Your Path to Successful Control of Diabetes
If you've had diabetes for a year or more, you've probably already learned the skills you need to manage your condition, yet it's natural to feel overwhelmed at times. You can make your management plan easier to live with. Try these tips to help keep yourself on the path to good health.
Evaluate your lifestyle
Write down the things in your life that make it hard to stick with your routine. Then think of ways to improve the situation. Here are some suggestions:
Keep stress under control. Stress is a normal part of life. It can be short term, such as having to wait in line when you’re in a hurry, or long term such as living in a difficult marriage. Mental stress causes the body to produce extra hormones. These hormones make it difficult to control your blood sugar. Short-term stress will go away, but long-term stress won’t—and it may make it difficult to manage your diabetes. You can keep stress under control through exercise, hobbies, community activities, and relaxation techniques such as breathing exercises.
Get moving. Make it easy to get exercise. Exercise will help control your blood sugar, reduce stress, and control weight. Join a gym close to home or keep your walking shoes by the front door for a quick jaunt after dinner. Recruit your spouse or a friend—exercising with a partner can be motivating.
Eat well. Good nutrition and a careful meal plan will make it easier to manage your diabetes and control your weight. Buy nutritious foods. Stock your kitchen with fruits, vegetables, and high-fiber foods. You're less likely to succumb to cravings if high-fat treats are out of reach.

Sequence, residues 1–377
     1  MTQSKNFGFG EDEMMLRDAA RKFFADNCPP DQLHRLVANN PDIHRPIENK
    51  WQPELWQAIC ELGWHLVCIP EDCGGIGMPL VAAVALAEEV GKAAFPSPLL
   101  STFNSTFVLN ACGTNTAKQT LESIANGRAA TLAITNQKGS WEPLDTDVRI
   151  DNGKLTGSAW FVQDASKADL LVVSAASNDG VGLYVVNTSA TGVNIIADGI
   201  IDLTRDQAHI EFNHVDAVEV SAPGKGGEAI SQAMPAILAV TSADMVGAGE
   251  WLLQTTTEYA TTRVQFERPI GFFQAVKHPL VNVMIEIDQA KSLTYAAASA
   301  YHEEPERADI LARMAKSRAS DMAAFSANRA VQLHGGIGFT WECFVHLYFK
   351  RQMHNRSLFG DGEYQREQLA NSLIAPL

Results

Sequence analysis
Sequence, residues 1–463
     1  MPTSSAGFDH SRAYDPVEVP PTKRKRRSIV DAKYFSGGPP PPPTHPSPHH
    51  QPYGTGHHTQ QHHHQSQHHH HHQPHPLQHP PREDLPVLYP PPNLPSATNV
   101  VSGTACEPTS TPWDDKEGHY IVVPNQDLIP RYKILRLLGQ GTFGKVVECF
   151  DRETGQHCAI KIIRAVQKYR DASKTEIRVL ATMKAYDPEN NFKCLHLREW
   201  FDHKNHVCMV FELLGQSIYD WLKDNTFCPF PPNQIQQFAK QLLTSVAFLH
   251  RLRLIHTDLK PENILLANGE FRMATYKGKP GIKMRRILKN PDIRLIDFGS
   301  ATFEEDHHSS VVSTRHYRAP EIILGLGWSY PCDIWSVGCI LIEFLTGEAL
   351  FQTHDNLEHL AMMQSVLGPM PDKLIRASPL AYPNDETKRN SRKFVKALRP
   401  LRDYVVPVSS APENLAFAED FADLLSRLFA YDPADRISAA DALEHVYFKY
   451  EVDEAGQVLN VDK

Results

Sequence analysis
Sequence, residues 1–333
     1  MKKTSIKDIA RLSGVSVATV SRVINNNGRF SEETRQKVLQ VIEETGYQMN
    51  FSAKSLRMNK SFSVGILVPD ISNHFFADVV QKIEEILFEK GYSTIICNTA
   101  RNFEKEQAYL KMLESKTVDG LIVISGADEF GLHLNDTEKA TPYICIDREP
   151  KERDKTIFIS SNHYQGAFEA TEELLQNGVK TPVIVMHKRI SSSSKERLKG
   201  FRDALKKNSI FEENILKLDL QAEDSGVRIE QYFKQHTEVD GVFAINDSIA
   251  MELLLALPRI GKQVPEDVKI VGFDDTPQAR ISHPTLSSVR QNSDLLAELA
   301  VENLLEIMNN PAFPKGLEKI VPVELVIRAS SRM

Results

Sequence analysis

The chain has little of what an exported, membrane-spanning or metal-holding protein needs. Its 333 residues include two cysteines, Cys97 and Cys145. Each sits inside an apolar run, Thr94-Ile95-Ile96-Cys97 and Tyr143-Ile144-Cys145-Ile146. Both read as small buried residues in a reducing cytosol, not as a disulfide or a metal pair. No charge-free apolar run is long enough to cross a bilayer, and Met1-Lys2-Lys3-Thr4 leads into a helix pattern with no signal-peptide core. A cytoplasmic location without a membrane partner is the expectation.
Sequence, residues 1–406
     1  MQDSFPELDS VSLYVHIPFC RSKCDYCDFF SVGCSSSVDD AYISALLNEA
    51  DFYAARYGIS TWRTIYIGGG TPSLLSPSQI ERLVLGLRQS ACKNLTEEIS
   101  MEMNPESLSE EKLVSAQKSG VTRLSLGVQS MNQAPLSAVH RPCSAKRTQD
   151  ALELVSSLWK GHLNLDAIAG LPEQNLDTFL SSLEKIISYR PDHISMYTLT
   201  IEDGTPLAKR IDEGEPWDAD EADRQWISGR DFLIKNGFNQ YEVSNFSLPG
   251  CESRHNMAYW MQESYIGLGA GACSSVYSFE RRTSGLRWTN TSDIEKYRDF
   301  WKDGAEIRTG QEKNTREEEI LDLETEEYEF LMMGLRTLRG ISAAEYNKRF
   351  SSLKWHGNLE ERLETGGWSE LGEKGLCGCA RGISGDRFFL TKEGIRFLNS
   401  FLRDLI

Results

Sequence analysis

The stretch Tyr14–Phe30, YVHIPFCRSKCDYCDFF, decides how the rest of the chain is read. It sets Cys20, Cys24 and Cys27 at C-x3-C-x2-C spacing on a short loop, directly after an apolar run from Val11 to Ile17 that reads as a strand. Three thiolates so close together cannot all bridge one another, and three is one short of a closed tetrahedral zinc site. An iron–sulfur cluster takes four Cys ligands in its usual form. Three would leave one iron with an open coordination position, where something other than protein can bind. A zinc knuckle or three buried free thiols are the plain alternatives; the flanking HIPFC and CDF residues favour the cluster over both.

Stay up to date. Keep up with recommended screening exams and immunizations for you and your family. Although your attention is focused on managing your diabetes, don’t forget to have recommended dental checkups, cholesterol and cancer screenings recommended for your age and gender, and vaccinations, such as an annual flu shot or a one-time pneumonia shot. Your children and spouse should get appropriate screenings and vaccinations, too. Healthy family members will help keep you healthy and reduce stress.
Know what to do when you get sick. Colds, the flu, and intestinal upsets are common, but they can make control of your blood sugar more difficult. Talk with your health care provider and plan how you will take care of yourself if you become ill.
If family or friends seem to be undermining your efforts, sit down and talk seriously with them about how important their support is to you and to your efforts. Let them know what you need to do to control your diabetes and how they can help. Also, take a look at your own behavior. An on-again, off-again approach to diabetes management can confuse people.
If you don't belong to a support group, consider joining one. Also, think about offering support to people who have just been diagnosed. Helping others can help reinforce your efforts. Look for a group through your local clinic or the American Diabetes Association.
Prepare for setbacks
Everyone has setbacks. When you veer off course, try not to beat yourself up; that will only increase your risk for a relapse. Rather, ask yourself what made you start to slip:
Are your goals too high? Small, easy-to-attain goals are easier to stick with.
Are you having trouble sticking with your plan? Now may be the time to assess how well your management plan matches your lifestyle. Then talk with your doctor about making some changes.
You're more likely to overcome temporary setbacks if you get right back on track. Give yourself credit for all the progress you've made, and focus on what you can learn from the experience.
Make it part of your diabetes management plan to set reasonable goals, and then treat yourself when you reach one. For example, when you fit in four or more exercise sessions in one week, take your medicine at the right time for a week or have only a small slice of cake on a special occasion, give yourself a nonfood reward. Keep a list of these rewards handy.
Because you have diabetes, you've made many changes that we all should make for good health. Instead of focusing on what you've given up, try to remember what you have to gain from your healthy habits. A positive attitude can help you keep up with those habits for life.